Discharges will occur from the MODU and support vessels, and during drilling and completions activities.

Vessel discharges

The types of discharges are typical of most offshore commercial vessels and include deck runoff, treated sewage and grey water, machinery cooling water, treated bilge water, ballast water, macerated food scraps and brine (from water making). These discharges will be small in volume and released into surface waters. The MODU will produce similar operational discharges.

Drilling and completions discharges

Discharges from drilling and completions activities include drilled solids, drilling and control fluids, brines, cement, formation water, hydraulic fluids, chemicals such as tracer dyes and tank cleaning products.

During drilling, the drill bit produces ‘cuttings’ (drilled solids) which become entrained in the drilling fluids (or muds). Over time, the drilled solids and fluids are discharged to the seabed and sea surface. Drilling discharges with larger particle sizes, such as large drill cuttings, are expected to settle directly around the MODU and wells. In contrast, discharges with finer particles, such as drilling muds, may be carried with prevailing currents before settling.

Cement is required for well construction. The majority of cement pumped remains downhole (i.e. in the well), but minor volumes may be discharged to the seabed or sea surface (e.g. during cement tank cleaning).

Once a well has been drilled, subsea well completion fluids will be required to render the well ‘solids free’ and to prevent the formation of downhole contamination. Brines (highly concentrated solutions of inorganic salts) are used for this purpose. Residual brines will be discharged at sea surface.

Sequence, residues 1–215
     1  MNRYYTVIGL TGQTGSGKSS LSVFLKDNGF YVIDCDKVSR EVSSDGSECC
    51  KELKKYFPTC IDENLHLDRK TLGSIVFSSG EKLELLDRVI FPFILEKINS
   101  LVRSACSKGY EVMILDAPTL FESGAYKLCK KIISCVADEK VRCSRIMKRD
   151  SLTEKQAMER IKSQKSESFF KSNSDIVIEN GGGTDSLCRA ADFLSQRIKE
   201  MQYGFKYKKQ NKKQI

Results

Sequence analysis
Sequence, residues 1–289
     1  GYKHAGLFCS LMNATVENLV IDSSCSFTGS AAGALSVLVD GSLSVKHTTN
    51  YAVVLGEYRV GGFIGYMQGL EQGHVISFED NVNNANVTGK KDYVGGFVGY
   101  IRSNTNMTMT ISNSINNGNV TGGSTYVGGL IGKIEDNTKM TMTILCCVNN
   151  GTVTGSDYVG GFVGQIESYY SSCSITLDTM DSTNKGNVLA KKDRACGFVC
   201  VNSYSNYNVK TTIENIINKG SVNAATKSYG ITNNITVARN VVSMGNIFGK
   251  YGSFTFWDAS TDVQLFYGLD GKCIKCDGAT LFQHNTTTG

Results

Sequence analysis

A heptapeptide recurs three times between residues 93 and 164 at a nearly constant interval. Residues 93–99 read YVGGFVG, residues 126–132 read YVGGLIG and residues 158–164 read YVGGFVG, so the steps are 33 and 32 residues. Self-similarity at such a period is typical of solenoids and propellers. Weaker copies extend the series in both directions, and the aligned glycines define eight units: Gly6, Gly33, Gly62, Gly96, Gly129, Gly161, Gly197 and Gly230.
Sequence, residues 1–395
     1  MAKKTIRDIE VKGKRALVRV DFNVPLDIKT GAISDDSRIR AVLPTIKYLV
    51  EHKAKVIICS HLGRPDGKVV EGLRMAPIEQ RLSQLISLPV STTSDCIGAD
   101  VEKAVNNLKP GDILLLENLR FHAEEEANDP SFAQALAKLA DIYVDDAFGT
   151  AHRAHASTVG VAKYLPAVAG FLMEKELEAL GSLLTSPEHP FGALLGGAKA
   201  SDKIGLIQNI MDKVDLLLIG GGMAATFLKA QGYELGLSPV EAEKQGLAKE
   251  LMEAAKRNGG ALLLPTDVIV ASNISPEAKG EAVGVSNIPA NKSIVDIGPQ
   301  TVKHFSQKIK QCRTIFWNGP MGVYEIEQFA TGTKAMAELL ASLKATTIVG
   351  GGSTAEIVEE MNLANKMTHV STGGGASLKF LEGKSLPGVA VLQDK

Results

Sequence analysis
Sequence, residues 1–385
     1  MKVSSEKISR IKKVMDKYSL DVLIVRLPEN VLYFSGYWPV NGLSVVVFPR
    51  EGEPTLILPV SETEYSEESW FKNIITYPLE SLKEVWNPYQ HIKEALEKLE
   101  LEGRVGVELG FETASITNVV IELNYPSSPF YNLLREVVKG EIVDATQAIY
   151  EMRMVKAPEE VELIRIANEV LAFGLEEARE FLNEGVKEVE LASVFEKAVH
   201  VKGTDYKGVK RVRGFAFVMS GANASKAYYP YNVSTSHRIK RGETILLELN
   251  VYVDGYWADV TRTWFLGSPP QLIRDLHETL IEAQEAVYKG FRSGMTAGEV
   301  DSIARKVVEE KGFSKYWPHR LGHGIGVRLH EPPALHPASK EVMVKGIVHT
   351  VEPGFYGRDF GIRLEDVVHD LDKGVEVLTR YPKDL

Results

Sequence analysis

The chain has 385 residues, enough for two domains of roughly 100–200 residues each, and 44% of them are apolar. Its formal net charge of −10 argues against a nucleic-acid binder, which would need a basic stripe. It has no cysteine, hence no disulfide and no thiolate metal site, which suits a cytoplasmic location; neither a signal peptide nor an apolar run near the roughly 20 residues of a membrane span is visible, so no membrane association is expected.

Formation water may be produced from the reservoir during well flowback and discharged to the sea. Well flowback notionally takes approximately two to three days per well. The non-flammable completion fluids and produced water will be treated via a water treatment package to reduce the oil-in-water content to <30 mg/L before being discharged. Methanol and mono-ethylene glycol (MEG) may also be injected into the flow stream and either flared or discharged to the sea. These substances “pose little or no risk to the environment” (PLONOR) as determined by the OSPAR Commission.

A blowout preventer (BOP) is to be installed during drilling and subsea christmas trees are to be installed on each of the wells once drilling is complete. The BOP and christmas trees are to be routinely checked by completing pressure and function testing. Each function test will release small volumes of control fluid near the seabed.

What impacts are expected?

Vessel discharges

Vessel discharges will be localised and limited to surface waters. Machinery cooling water discharge will be continuous but all other operational discharges will be intermittent and of short duration (minutes to hours). The discharges are expected to be dispersed and diluted rapidly within the offshore waters. Discharges may cause short-term changes to behaviour in marine fauna (avoidance or attraction). For example, fish and seabirds may be attracted to macerated food scraps discharged by vessels. Increased biological oxygen demand on the receiving waters may promote localised elevated levels of phytoplankton due to nutrient inputs and bacteria activity due to organic carbon inputs. This could subsequently impact higher order predators. However, analysis indicates that dispersion and dilution are expected to be rapid and the discharges of nutrient-rich fluids are of low volume.

Drilling and completions discharges

Drilling and completions discharges will be intermittent during the activity, with volumes dependent on a range of variables. Discharges to the marine environment will result in a localised (around the discharge location) and temporary (minutes to hours) reduction in water quality. The operational area is in a high-energy, well mixed deep open water environment. The discharges are expected to be dispersed and diluted rapidly, with concentrations significantly dropping with distance from the discharge location. Water quality change outside the operational area is unlikely to occur.

The discharges are not expected to have significant toxicological impacts on marine biota. Marine fauna transiting the operational area are expected to either avoid turbid stretches of water or pass through with no significant effects.